Turning desert into farmland and biofuel

Seawater Foundation claims it can save the world with agriculture on coastal deserts.

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By  Rob Corder Published  April 18, 2007

US style and society glossy, Vanity Fair magazine, has recognised the work of The Seawater Foundation as one of the world's 17 most effective environmentalists.

The Foundation has developed a system of integrated aquaculture, agriculture and forestry that sees coastal shrimp or fish farms produce nutrient-rich seawater that is then used to irrigate salt-tolerant crops and produce additional products for feeding both people and farm animals.

Arabian Gulf countries are a target area for the Foundations work, and Saudi Arabia's former Minister of State Dr. Mohammad Alshaikh is a member of the Foundations board of advisers.

The Seawater Foundation believes that its technique could dramatically reduce carbon levels in the atmosphere by increasing the land area that can be used for crops. Desert can be turned into agricultural land capable of growing seawater-tolerant crops that could replace wheat, rice, and soybeans, it argues.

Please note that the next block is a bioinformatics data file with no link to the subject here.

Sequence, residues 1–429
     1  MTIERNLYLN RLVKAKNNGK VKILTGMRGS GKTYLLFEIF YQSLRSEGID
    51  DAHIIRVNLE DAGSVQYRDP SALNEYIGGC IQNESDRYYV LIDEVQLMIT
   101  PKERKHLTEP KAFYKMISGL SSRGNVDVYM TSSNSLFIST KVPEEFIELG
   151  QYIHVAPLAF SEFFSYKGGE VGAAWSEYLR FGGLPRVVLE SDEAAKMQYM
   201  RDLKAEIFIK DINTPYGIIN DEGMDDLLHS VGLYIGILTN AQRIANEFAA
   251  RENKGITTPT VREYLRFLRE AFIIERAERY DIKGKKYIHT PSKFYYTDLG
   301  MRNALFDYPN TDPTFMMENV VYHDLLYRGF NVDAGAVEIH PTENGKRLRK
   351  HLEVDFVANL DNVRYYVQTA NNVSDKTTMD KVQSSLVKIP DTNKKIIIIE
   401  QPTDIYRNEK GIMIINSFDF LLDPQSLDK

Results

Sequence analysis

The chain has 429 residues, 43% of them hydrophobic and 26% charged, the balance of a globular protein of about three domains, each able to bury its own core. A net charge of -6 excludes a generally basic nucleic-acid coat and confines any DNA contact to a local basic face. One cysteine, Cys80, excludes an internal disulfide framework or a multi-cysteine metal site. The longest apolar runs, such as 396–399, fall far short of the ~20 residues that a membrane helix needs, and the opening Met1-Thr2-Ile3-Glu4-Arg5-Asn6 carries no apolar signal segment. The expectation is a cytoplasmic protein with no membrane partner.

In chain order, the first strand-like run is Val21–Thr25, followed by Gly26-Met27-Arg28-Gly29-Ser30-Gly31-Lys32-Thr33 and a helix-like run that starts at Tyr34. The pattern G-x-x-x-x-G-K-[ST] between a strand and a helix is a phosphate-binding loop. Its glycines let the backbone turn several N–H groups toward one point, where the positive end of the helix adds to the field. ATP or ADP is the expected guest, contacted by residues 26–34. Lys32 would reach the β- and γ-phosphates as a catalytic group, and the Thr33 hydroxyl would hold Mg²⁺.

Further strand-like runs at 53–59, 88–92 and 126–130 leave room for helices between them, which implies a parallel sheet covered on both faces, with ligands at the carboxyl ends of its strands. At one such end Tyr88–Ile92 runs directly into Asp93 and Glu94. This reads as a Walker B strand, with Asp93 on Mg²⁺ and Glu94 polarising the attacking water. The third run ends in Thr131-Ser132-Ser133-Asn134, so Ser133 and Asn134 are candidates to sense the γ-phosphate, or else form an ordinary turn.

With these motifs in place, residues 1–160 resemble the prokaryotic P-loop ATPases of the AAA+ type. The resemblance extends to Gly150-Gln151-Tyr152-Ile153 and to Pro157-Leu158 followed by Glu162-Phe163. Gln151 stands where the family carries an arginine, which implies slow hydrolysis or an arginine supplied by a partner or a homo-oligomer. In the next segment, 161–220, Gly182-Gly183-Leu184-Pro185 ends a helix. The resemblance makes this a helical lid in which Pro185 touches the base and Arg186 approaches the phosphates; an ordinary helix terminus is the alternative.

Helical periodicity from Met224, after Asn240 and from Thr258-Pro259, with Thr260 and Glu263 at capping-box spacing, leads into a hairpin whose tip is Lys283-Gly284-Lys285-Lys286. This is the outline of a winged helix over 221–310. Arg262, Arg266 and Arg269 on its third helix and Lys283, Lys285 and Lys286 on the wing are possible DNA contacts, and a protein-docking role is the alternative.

These crops can in turn be used to produce biofuels.

In the long term, the Foundation believes, "it can bring greenery to coastal deserts, create communities, generate wealth and abundance, and provide immediate and long lasting planetary ecological balance," its website states.

The recognition by a title as respected as Vanity Fair is vital to an organisation that has struggled for decades to be taken seriously.

"This recognition by Vanity Fair is an important validation of the work in which we have been engaged for 30 years," said Carl Hodges, founder and chairman of The Seawater Foundation.

"Our data are unequivocal, we can stop sea level rise in less than 15 years, and ultimately restore the world's coastal regions and wetlands, eradicate shoreline erosion, and rapidly grow the crops that will effectively address our global community's nutritional and economic needs."

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